When to Use a Polarizer Filter?

When you want to remove reflections

This is what polarizing filters are best known for. We’re talking reflections coming from a non-metallic surface such as water. You are probably familiar with the frustration of wanting to shoot a highly reflective surface and not being able to get all the details inside the picture.

When you want to bring out the sky

A polarizing filter will darken the sky, making it more dramatic. It’s especially good when you have a cloudy sky because it will create a brilliant contrast between the clouds and the background.

When gearing your camera with a wide-angle lens, you can use the polarizer to have a part of the sky lit while the other darkened. Some photographer like the effect, so it’s worth considering giving it a try.

When shooting through glass

Portraits shot through glass have a unique feel about them, but the effect is sometimes too obvious. Or you may want to fully eliminate the reflection and fool the viewer’s eye. When you want to keep it more discreet, you can place a circular polarizer over your lens and give it a run. It will eliminate the reflections on the glass surface and your subject will appear sharper in the picture. If the window is clean enough, the viewers may not even notice that the frame was shot through glass.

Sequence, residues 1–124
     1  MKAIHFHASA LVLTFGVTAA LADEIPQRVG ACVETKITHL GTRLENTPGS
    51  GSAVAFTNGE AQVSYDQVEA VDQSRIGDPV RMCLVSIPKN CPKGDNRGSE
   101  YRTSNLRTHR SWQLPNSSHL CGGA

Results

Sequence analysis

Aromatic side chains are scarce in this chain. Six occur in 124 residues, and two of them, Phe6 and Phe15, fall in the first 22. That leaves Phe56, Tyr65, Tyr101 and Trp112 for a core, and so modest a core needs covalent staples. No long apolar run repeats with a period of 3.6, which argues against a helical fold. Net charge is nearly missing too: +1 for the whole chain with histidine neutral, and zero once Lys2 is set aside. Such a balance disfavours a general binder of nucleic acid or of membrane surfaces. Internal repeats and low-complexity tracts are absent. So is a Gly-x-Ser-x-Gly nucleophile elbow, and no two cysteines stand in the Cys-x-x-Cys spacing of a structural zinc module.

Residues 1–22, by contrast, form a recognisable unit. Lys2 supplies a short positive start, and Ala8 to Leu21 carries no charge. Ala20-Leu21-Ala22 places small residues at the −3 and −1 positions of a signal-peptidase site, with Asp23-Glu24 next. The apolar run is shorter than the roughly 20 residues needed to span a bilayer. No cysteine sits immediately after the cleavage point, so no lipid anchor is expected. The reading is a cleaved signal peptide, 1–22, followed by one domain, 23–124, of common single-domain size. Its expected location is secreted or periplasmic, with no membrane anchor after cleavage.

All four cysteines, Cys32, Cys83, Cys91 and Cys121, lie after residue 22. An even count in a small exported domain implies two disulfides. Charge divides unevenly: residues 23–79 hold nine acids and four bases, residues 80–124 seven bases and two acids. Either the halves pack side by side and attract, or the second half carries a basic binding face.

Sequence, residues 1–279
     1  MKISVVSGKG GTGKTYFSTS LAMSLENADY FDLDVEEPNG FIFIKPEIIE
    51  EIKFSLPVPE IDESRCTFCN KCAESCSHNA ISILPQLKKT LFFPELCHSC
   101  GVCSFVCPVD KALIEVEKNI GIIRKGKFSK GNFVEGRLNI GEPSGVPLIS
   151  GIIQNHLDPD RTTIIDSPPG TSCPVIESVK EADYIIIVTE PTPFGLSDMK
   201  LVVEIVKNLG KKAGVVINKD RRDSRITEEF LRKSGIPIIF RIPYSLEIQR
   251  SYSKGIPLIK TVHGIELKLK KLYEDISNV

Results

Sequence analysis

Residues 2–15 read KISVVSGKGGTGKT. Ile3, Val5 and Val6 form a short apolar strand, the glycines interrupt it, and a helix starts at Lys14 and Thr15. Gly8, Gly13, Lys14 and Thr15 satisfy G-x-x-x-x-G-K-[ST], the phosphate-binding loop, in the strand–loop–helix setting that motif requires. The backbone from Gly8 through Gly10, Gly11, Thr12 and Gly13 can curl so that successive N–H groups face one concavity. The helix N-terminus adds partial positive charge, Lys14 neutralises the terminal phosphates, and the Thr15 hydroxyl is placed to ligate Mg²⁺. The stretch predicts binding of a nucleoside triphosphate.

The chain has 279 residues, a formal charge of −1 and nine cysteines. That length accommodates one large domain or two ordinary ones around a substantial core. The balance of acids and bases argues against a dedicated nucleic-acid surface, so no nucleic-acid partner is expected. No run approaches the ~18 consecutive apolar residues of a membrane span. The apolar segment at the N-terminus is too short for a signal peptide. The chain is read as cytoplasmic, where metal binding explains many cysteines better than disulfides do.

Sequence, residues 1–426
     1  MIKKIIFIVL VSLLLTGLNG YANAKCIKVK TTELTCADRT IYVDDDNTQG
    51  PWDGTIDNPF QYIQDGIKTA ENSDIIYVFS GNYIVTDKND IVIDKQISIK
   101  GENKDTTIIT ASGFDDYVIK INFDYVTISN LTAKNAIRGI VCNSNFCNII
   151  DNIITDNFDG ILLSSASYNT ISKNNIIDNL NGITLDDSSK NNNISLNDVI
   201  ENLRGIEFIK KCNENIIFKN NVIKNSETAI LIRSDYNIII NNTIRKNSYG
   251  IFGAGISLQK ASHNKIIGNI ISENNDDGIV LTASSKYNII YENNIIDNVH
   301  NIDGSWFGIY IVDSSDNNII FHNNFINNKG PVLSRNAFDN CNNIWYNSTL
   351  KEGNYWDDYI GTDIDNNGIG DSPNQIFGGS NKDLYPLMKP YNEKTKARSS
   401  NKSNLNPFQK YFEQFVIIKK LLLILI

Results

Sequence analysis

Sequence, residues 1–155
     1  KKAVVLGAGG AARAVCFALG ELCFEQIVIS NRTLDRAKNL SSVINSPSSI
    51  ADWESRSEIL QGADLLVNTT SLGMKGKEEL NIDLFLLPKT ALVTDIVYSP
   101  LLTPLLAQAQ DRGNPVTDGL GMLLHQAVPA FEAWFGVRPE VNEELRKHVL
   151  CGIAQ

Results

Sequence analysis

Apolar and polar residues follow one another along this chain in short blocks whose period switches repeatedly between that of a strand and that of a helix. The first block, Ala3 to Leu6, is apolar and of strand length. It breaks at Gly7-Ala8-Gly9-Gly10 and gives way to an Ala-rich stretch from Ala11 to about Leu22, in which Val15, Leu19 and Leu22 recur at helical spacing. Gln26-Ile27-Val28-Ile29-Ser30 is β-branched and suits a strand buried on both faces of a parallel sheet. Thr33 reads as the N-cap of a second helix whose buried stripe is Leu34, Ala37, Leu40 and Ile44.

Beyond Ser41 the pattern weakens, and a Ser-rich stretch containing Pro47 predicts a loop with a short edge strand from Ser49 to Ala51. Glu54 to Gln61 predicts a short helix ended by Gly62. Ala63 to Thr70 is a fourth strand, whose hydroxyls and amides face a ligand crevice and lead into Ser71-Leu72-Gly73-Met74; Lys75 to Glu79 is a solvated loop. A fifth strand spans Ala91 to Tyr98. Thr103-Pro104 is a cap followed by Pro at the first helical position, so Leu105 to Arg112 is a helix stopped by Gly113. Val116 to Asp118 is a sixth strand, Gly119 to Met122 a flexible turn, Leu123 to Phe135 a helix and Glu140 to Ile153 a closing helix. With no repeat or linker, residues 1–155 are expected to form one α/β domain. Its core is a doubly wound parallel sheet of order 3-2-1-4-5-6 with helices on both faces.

When you need high contrast

polarizer increases contrastv

Highly contrasting images will always capture everyone’s eye better than others. Most photographers will open the file in an editing software and increase the contrast and the saturation there. However, you may not have to go through all that trouble if you use this filter. Polarizers are a great tool for increasing color saturation. And this is also due to the primary effect of the circular polarizer – reducing glare and reflection. Because once the reflections are gone, the color intensifies.

When you want to get rid of haze

When shooting distant subjects, especially landscapes and cityscapes, haze is a common issue. Luckily, the polarizer does its job in reducing the haze for clearer, crisper photographs.

The Disadvantages of Polarizing Filters

Although we highly recommend you purchase a circular polarizer for your kit, you should also be aware of some disadvantages. Here are some aspects to consider:

  • Polarizers are the most expensive kind of filters.
  • You always have to be careful to hit just the right angle for maximal effect.
  • Twisting the ring to get the frame just right can be time-consuming.
  • The filter must always be cleaned; otherwise, it can reduce the quality of the image.
  • It’s more difficult to use the viewfinder with this filter on.
  • Most often, stitched panoramic photos shot through a polarizer will disappoint.
  • It is not ideal for sunsets and rainbows.

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About

Professional photographer and freelance writer, Amanda is specialized in wedding and travel photography. Every day she enjoys taking long walks around the city, from where she takes inspiration for her day-to-day work. She always hunts magical locations to astonish her subjects.